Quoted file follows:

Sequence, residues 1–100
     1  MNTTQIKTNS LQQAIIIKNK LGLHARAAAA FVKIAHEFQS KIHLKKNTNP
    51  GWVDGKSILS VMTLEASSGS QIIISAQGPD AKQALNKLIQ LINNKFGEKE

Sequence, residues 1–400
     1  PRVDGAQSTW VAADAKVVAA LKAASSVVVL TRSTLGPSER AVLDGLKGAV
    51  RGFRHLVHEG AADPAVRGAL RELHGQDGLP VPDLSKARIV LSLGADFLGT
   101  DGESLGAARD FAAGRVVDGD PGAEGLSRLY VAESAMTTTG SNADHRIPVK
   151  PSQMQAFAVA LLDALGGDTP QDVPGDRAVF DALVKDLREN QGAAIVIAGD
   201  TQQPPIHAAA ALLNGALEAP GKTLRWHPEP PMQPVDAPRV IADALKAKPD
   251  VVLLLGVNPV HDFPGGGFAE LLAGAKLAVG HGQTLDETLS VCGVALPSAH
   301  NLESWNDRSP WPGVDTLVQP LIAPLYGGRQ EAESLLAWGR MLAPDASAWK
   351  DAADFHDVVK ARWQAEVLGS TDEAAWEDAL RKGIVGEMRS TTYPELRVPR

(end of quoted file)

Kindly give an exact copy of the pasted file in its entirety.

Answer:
Sequence, residues 1–100
     1  MNTTQIKTNS LQQAIIIKNK LGLHARAAAA FVKIAHEFQS KIHLKKNTNP
    51  GWVDGKSILS VMTLEASSGS QIIISAQGPD AKQALNKLIQ LINNKFGEKE

Sequence, residues 1–400
     1  PRVDGAQSTW VAADAKVVAA LKAASSVVVL TRSTLGPSER AVLDGLKGAV
    51  RGFRHLVHEG AADPAVRGAL RELHGQDGLP VPDLSKARIV LSLGADFLGT
   101  DGESLGAARD FAAGRVVDGD PGAEGLSRLY VAESAMTTTG SNADHRIPVK
   151  PSQMQAFAVA LLDALGGDTP QDVPGDRAVF DALVKDLREN QGAAIVIAGD
   201  TQQPPIHAAA ALLNGALEAP GKTLRWHPEP PMQPVDAPRV IADALKAKPD
   251  VVLLLGVNPV HDFPGGGFAE LLAGAKLAVG HGQTLDETLS VCGVALPSAH
   301  NLESWNDRSP WPGVDTLVQP LIAPLYGGRQ EAESLLAWGR MLAPDASAWK
   351  DAADFHDVVK ARWQAEVLGS TDEAAWEDAL RKGIVGEMRS TTYPELRVPR